# Chi-squared Distribution ($k=1$)

## Theory

Given a standard random variable $X \sim \mathcal{N}(0,1)$ we would like to find the random variable $Y = X^2$. The analytic solution is known: $Y$ follows a chi-squared distribution with $k=1$ degree of freedom.

Using polynomial chaos expansion (PCE), the problem can be solved using Galerkin projection. Let $\{\phi_k \}_{k=0}^{n}$ be the monic orthogonal basis relative to the probability density of $X$, namely

$$$f_X(x) = \frac{1}{\sqrt{2 \pi}} \exp \left( - \frac{x^2}{2} \right).$$$

Then, the PCE of $X$ is given by

$$$X = \sum_{k=0}^n x_k \phi_k,$$$

with

$$$x_0 = 0, \quad x_1 = 1, \quad x_i = 0 \quad \forall i =2,\dots,n.$$$

To find the PCE coefficients $y_k$ for $Y = \sum_{k=}^n y_k \phi_k$, we apply Galerkin projection, which leads to

$$$y_m \langle \phi_m, \phi_m \rangle = \sum_{i=0}^n \sum_{j=0}^n x_i x_j \langle \phi_i \phi_j, \phi_m \rangle \quad \forall m = 0, \dots, n.$$$

Hence, knowing the scalars $\langle \phi_m, \phi_m \rangle$, and $\langle \phi_i \phi_j, \phi_m \rangle$, the PCE coefficients $y_k$ can be obtained immediately. From the PCE coefficients we can get the moments and compare them to the closed-form expressions.

Notice: A maximum degree of 2 suffices to get the exact solution with PCE. In other words, increasing the maximum degree to values greater than 2 introduces nothing but computational overhead (and numerical errors, possibly).

## Practice

First, we create a orthogonal basis relative to $f_X(x)$ of degree at most $d=2$ (deg below).

Notice that we consider a total of Nrec recursion coefficients, and that we also add a quadrature rule by setting addQuadrature = true.

using PolyChaos
k = 1
deg, Nrec = 2, 20
opq = GaussOrthoPoly(deg; Nrec=Nrec, addQuadrature=true);
GaussOrthoPoly{Vector{Float64}, GaussMeasure, Quad{Float64, Vector{Float64}}}(2, [0.0, 0.0, 0.0, 0.0, 0.0, 0.0, 0.0, 0.0, 0.0, 0.0, 0.0, 0.0, 0.0, 0.0, 0.0, 0.0, 0.0, 0.0, 0.0, 0.0], [1.0, 1.0, 2.0, 3.0, 4.0, 5.0, 6.0, 7.0, 8.0, 9.0, 10.0, 11.0, 12.0, 13.0, 14.0, 15.0, 16.0, 17.0, 18.0, 19.0], GaussMeasure(PolyChaos.w_gaussian, (-Inf, Inf), true), Quad{Float64, Vector{Float64}}("golubwelsch", 19, [-7.382579024030429, -6.262891156513253, -5.3205363773360395, -4.465872626831033, -3.664416547450638, -2.898051276515753, -2.1555027613169346, -1.4288766760783724, -0.7120850440423797, 9.497049878180818e-17, 0.7120850440423805, 1.4288766760783733, 2.155502761316937, 2.898051276515753, 3.66441654745064, 4.465872626831031, 5.320536377336037, 6.262891156513249, 7.382579024030431], [7.482830054057322e-13, 1.2203708484474712e-9, 2.532220032092887e-7, 1.535114595466668e-5, 0.00037850210941427036, 0.004507235420342024, 0.02866669103011855, 0.10360365727614435, 0.22094171219914369, 0.28377319275152074, 0.220941712199144, 0.10360365727614416, 0.028666691030118426, 0.004507235420342064, 0.0003785021094142682, 1.535114595466658e-5, 2.532220032092883e-7, 1.220370848447473e-9, 7.482830054057216e-13]))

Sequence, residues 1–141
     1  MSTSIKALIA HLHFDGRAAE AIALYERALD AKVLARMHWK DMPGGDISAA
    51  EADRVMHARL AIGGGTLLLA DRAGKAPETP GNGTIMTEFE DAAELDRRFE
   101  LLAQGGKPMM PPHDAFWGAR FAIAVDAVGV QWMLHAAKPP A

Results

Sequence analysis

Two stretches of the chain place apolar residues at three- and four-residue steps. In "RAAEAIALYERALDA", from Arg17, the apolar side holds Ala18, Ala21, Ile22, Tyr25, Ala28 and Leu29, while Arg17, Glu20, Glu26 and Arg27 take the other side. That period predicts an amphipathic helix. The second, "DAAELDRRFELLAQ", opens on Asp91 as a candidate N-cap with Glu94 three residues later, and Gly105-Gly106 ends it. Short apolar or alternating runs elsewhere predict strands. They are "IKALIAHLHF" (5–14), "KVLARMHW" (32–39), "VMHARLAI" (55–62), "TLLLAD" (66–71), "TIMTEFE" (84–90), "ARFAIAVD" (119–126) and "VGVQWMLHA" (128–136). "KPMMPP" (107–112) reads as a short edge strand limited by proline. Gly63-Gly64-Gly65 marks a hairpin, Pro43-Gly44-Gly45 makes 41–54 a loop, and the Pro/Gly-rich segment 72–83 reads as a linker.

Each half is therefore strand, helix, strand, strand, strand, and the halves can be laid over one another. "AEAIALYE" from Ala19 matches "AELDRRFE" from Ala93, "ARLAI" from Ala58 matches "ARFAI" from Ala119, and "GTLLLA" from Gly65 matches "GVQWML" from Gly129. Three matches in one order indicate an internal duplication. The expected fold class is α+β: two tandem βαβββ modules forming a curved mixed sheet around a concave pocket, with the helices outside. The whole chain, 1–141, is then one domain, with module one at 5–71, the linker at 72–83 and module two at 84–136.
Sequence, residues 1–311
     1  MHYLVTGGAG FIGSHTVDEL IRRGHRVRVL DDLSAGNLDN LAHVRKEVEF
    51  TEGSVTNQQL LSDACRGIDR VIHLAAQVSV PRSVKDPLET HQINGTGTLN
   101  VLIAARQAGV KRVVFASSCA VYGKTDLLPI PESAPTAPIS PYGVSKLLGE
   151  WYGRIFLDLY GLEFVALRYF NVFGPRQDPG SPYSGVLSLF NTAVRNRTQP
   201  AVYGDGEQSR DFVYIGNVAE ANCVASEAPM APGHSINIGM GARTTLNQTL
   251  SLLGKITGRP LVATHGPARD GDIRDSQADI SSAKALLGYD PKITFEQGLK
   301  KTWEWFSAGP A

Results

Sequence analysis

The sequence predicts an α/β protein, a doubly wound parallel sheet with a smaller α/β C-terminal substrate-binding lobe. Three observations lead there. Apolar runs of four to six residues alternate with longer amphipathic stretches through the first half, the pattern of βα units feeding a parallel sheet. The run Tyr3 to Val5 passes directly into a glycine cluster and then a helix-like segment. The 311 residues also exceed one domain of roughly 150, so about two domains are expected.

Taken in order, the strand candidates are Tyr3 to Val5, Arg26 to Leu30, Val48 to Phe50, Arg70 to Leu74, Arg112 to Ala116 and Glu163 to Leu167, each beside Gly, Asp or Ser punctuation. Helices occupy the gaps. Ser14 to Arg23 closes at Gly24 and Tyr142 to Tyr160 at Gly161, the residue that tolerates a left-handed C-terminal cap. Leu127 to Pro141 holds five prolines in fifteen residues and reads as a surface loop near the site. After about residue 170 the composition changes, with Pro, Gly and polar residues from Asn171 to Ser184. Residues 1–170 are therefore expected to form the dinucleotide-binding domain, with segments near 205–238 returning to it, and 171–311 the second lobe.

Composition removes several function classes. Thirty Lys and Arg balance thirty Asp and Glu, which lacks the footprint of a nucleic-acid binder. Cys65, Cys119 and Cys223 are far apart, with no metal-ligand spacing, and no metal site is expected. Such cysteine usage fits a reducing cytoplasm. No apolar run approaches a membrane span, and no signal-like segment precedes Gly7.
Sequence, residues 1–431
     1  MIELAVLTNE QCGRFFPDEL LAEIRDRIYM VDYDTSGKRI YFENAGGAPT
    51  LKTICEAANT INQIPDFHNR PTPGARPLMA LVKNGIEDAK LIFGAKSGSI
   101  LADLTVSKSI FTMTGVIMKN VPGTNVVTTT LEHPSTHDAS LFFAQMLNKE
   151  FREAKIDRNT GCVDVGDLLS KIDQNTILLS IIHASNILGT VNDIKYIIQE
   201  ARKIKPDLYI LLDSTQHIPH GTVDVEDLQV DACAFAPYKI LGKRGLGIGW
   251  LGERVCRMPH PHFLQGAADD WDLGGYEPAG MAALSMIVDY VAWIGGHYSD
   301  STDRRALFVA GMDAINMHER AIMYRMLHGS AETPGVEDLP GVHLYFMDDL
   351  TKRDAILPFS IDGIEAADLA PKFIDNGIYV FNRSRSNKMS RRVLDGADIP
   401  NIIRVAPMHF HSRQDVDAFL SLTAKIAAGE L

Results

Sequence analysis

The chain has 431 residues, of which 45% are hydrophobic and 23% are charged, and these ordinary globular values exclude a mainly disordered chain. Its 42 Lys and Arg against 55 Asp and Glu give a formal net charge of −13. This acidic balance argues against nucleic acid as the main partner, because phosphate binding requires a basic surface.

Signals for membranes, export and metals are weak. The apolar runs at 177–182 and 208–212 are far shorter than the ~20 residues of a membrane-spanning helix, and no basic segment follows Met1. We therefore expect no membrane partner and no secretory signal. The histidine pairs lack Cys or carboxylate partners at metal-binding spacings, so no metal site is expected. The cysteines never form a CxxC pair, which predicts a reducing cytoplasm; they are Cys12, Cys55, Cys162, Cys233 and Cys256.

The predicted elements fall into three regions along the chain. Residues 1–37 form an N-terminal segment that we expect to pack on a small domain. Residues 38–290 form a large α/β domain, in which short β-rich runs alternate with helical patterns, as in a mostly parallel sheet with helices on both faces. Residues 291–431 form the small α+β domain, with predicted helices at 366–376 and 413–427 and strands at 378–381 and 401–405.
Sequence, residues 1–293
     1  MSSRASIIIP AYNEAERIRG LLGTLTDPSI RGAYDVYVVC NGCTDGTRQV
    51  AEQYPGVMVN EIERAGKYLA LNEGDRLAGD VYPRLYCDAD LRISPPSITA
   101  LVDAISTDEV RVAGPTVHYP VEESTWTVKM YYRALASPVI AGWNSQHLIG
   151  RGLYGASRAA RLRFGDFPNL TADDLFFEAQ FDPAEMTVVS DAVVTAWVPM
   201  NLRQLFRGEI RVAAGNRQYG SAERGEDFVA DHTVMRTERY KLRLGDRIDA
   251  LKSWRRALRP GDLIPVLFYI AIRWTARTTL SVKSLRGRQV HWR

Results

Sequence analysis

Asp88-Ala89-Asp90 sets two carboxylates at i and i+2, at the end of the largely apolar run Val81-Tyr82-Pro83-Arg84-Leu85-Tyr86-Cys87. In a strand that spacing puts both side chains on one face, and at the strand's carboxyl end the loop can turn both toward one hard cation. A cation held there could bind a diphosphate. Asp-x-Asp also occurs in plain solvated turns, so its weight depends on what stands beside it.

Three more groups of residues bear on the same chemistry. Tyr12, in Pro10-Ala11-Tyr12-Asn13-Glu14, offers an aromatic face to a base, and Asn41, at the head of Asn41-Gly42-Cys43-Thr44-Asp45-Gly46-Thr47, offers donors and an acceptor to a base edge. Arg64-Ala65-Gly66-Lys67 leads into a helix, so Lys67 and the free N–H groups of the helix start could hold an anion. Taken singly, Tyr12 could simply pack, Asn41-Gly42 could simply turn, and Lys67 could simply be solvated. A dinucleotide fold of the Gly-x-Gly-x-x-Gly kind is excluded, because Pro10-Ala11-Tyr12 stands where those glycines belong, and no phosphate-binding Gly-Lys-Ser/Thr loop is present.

What are the basis polynomials?

showbasis(opq; sym="ξ")
1
ξ
ξ^2 - 1.0

Note that the command showbasis is based on the more general showpoly:

showpoly(0:2:deg,opq)
1
x^2 - 1.0

Next, we define the PCE for $X$.

L = dim(opq)
mu, sig = 0., 1.
x = [ convert2affinePCE(mu, sig, opq); zeros(Float64,L-2) ]
3-element Vector{Float64}:
0.0
1.0
0.0

With the orthogonal basis and the quadrature at hand, we can compute the tensors t2 and t3 that store the entries $\langle \phi_m, \phi_m \rangle$, and $\langle \phi_i \phi_j, \phi_m \rangle$, respectively.

t2 = Tensor(2, opq);
t3 = Tensor(3, opq)
Tensor{GaussOrthoPoly{Vector{Float64}, GaussMeasure, Quad{Float64, Vector{Float64}}}}(3,   [1 ]  =  1.0
[4 ]  =  1.0
[7 ]  =  2.0
[9 ]  =  2.0